I’m writing in response to the July 1st story “Monuments Vandalized.” The story calls the defacing of graves and monuments in Mount Olivet cemetery “the latest incident of racially-based vandalism in the city.”

Racially-based vandalism? No, the vandalism that preceded was straight up racist, white supremacist vitriol. Even though your publication wouldn’t print the actual words, we all know what “racial slurs and offensive symbols” were likely used.

On the other hand, what occurred at Mount Olivet was vandalism — and for the record, I don’t agree with what was done, but I can understand it. The first incident was racist. The Mount Olivet incident was done in protest and its message advocates for Black people's lives being of equal value in this country.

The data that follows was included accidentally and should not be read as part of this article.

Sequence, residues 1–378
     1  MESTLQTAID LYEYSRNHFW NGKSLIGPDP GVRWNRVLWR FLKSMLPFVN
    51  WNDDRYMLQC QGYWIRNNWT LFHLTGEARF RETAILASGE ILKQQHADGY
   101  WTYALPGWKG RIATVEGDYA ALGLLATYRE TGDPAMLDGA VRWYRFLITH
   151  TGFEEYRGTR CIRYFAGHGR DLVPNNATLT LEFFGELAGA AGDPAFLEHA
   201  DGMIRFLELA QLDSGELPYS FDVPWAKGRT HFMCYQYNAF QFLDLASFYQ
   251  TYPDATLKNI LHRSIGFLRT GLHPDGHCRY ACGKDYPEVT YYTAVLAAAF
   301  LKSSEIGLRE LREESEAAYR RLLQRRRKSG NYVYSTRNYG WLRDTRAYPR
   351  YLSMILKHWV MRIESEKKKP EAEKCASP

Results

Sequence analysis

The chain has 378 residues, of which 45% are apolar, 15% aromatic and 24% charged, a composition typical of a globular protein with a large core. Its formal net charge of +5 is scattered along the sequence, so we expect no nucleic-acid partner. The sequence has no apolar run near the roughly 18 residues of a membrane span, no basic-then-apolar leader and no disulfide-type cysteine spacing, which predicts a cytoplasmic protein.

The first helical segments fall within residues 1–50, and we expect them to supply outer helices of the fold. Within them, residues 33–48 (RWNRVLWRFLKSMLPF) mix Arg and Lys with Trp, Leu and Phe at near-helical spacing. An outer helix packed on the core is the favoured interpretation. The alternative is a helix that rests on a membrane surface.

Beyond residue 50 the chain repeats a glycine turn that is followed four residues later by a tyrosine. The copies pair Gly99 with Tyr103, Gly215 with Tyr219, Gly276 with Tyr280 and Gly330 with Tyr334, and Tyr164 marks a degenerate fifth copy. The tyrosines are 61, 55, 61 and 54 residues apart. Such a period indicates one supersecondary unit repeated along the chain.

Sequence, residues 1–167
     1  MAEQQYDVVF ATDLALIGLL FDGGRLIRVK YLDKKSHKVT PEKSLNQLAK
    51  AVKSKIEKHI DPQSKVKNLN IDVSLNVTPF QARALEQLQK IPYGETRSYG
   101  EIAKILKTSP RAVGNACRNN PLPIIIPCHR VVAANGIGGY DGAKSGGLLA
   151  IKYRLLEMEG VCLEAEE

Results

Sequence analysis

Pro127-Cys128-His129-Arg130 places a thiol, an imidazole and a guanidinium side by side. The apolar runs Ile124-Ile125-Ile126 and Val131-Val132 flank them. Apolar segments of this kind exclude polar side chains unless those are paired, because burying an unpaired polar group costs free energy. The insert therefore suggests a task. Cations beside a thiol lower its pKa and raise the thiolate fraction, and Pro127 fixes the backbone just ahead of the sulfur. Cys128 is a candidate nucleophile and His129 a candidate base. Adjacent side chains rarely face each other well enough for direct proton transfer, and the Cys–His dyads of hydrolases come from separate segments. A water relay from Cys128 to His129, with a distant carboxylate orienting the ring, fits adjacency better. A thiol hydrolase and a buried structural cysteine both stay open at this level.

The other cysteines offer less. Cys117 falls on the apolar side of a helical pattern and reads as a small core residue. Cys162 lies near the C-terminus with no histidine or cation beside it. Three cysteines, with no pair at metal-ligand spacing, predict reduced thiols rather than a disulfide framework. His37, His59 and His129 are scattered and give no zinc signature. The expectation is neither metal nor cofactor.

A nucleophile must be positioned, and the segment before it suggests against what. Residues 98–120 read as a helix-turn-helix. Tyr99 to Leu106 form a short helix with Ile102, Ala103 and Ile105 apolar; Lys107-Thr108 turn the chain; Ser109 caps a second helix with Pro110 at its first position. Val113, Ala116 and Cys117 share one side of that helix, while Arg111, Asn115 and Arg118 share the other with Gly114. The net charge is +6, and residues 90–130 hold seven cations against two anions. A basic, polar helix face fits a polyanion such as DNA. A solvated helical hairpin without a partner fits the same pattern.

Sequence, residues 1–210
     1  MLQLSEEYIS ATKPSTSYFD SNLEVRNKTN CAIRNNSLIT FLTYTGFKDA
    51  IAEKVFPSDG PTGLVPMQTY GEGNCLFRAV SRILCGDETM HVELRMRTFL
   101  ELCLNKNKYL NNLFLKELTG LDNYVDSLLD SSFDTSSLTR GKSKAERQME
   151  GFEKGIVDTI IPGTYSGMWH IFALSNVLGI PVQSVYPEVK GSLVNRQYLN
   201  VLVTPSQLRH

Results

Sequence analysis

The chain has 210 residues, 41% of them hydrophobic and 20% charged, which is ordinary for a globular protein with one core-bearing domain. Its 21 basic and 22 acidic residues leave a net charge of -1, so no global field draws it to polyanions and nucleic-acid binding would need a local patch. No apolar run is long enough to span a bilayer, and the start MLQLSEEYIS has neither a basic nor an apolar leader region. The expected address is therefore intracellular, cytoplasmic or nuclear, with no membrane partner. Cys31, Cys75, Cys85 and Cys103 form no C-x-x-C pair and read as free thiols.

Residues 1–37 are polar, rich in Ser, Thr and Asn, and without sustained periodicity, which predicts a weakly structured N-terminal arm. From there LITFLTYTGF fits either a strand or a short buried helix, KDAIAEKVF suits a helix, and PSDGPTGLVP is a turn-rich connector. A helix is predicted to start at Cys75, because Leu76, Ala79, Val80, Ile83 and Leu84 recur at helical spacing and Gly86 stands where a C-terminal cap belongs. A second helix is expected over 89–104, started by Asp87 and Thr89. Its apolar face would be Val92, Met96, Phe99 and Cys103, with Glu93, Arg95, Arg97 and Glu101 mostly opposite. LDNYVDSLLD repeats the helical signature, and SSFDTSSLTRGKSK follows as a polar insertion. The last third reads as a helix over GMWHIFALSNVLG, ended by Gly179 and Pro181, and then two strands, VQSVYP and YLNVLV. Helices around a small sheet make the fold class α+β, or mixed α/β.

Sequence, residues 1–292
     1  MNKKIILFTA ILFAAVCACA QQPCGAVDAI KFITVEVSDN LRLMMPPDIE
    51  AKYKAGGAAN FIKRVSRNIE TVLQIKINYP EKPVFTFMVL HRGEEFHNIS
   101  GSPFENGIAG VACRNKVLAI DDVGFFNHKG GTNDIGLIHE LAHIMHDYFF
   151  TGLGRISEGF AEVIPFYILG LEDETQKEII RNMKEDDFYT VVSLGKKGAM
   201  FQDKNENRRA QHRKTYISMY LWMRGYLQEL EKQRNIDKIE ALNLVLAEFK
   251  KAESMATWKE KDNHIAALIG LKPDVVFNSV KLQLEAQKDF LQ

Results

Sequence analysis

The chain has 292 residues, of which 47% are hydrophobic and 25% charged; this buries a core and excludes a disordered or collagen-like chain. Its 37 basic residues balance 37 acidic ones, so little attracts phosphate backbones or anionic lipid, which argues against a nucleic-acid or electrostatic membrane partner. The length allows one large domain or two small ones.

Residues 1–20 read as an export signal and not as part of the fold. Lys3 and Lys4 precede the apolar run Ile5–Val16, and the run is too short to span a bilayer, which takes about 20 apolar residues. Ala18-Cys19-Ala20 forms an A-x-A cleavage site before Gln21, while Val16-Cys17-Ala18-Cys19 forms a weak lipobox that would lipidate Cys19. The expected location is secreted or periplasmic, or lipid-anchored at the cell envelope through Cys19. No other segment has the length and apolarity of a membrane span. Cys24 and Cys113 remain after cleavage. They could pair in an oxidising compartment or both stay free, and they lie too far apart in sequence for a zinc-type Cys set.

The first incident advocates for white power and the subjugation or eradication of non-whites. The Mount Olivet incident is simply asking us to value and respect Black lives under the law and in every day life. The acts are the same but the motivation behind the act is radically different.

To equivocate the two by linking both as “racially-based” is not only inaccurate, but also harmful. Call racist graffiti what it is. Call protest vandalism what it is. It seems to me we’ve lost the ability in this country to see complexity and attempt to understand it and hold several ideas in our heads at one time. I also found the final quote in your story interesting, “The people that did this don’t want a history lesson.”